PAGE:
Orphaned during the Holocaust, two ultra-orthodox Jews bound by love and faith are driven apart by the same forces in a sensitive consideration of tradition and commitment.
French-raised Markovits’ English-language debut opens in Manhattan in 2005 with the meeting of two women: Atara, who, like the author, fled her Hasidic family to avoid an arranged marriage; and Judith, the granddaughter of Atara’s adopted sister, burdened by a cataclysmic secret. Then the clock turns back to Transylvania in 1939, where Josef witnesses the murder of his family and is taken in by a Catholic farmer, and Mila is saved by Josef when her parents are murdered too. Rabbi Stern later rescues Josef and sends him to the U.S. while taking Mila into his own family. Stern’s daughter Atara starts to question her father’s beliefs and expectations, including limited education for women, and also researches a dark episode of Holocaust history involving Mila’s parents and a revered Hasidic rabbi whose escape from Europe may have come at a very high price. When Mila and Josef marry, Atara abandons her family and disappears. The years pass but Mila doesn’t conceive. Finally, when she does, desperate choices have been made by both husband and wife. Decades later, matters come full circle as Judith and Atara choose what matters most.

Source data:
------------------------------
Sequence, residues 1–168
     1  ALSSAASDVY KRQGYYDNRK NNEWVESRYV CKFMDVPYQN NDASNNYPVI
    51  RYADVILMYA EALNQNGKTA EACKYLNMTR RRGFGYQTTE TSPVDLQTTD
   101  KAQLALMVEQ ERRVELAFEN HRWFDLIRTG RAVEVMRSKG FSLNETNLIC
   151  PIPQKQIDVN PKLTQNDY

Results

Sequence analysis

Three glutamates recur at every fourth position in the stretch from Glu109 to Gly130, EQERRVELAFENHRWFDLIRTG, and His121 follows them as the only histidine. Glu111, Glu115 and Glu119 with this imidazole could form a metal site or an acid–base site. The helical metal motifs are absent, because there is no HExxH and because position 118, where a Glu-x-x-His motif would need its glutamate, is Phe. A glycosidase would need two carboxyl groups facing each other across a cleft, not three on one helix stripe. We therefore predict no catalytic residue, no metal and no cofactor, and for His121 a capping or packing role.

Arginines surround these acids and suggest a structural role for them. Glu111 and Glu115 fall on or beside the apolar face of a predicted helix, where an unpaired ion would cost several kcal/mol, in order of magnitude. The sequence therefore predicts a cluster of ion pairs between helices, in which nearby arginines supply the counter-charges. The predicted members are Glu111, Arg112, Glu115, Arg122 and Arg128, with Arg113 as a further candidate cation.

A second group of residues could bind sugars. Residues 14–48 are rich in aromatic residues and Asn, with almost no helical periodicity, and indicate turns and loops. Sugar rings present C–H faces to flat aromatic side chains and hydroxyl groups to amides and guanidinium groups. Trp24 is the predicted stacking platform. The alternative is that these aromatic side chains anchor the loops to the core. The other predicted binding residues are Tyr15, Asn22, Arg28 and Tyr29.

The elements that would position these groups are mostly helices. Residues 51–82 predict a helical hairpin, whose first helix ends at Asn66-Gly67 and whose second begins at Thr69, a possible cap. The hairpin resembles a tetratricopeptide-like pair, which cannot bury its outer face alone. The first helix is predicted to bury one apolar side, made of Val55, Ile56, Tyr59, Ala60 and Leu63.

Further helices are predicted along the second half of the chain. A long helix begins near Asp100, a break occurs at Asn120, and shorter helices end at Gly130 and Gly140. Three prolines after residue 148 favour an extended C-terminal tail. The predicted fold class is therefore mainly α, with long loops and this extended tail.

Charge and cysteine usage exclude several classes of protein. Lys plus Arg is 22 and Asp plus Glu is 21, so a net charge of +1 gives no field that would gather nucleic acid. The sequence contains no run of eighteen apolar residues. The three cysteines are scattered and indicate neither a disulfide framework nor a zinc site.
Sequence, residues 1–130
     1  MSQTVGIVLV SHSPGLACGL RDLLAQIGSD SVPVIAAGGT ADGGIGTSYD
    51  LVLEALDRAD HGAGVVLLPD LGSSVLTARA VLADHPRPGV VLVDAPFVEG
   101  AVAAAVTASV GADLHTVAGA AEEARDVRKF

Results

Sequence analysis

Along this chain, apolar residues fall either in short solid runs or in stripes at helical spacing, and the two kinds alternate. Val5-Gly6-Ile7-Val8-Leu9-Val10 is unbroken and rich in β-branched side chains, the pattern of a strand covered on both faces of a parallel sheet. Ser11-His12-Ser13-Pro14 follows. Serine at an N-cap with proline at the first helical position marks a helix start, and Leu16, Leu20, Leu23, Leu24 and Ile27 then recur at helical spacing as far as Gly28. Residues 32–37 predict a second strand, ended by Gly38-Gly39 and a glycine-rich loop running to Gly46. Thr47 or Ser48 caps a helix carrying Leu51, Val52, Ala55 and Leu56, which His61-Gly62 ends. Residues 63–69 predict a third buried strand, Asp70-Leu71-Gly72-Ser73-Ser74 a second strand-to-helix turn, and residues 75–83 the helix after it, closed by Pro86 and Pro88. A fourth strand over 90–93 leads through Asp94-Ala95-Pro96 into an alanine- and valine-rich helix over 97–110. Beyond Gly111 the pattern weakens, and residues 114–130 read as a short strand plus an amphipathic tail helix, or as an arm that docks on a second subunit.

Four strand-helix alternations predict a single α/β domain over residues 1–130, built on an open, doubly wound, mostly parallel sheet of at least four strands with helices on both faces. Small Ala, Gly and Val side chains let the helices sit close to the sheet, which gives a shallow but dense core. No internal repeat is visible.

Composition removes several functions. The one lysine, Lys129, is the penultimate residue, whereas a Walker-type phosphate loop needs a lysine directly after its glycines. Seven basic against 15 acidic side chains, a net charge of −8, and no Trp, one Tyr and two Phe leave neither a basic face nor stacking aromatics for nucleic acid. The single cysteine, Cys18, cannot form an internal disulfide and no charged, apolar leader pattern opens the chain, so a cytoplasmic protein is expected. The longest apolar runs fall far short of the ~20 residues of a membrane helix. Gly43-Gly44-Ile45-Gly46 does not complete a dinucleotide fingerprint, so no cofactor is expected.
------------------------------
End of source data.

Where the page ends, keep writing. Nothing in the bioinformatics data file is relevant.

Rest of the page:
Less a commercial family saga, more a sober, finely etched scrutiny of extreme belief set in a female context.